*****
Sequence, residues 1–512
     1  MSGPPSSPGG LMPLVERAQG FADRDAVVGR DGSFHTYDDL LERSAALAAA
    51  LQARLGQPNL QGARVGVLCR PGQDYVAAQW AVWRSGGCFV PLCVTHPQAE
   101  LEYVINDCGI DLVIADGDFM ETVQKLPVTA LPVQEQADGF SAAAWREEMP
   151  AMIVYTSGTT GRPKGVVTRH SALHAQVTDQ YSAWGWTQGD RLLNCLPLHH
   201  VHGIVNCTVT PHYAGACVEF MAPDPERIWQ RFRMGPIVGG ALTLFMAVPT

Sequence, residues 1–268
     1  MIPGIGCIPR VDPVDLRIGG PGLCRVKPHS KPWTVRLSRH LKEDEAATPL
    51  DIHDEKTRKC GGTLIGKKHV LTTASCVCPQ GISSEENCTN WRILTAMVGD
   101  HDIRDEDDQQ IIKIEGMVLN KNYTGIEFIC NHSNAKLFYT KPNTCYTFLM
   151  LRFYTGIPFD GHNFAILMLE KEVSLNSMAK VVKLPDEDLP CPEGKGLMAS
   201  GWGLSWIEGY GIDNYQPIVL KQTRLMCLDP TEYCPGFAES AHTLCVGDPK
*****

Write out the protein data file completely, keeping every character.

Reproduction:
Sequence, residues 1–512
     1  MSGPPSSPGG LMPLVERAQG FADRDAVVGR DGSFHTYDDL LERSAALAAA
    51  LQARLGQPNL QGARVGVLCR PGQDYVAAQW AVWRSGGCFV PLCVTHPQAE
   101  LEYVINDCGI DLVIADGDFM ETVQKLPVTA LPVQEQADGF SAAAWREEMP
   151  AMIVYTSGTT GRPKGVVTRH SALHAQVTDQ YSAWGWTQGD RLLNCLPLHH
   201  VHGIVNCTVT PHYAGACVEF MAPDPERIWQ RFRMGPIVGG ALTLFMAVPT

Sequence, residues 1–268
     1  MIPGIGCIPR VDPVDLRIGG PGLCRVKPHS KPWTVRLSRH LKEDEAATPL
    51  DIHDEKTRKC GGTLIGKKHV LTTASCVCPQ GISSEENCTN WRILTAMVGD
   101  HDIRDEDDQQ IIKIEGMVLN KNYTGIEFIC NHSNAKLFYT KPNTCYTFLM
   151  LRFYTGIPFD GHNFAILMLE KEVSLNSMAK VVKLPDEDLP CPEGKGLMAS
   201  GWGLSWIEGY GIDNYQPIVL KQTRLMCLDP TEYCPGFAES AHTLCVGDPK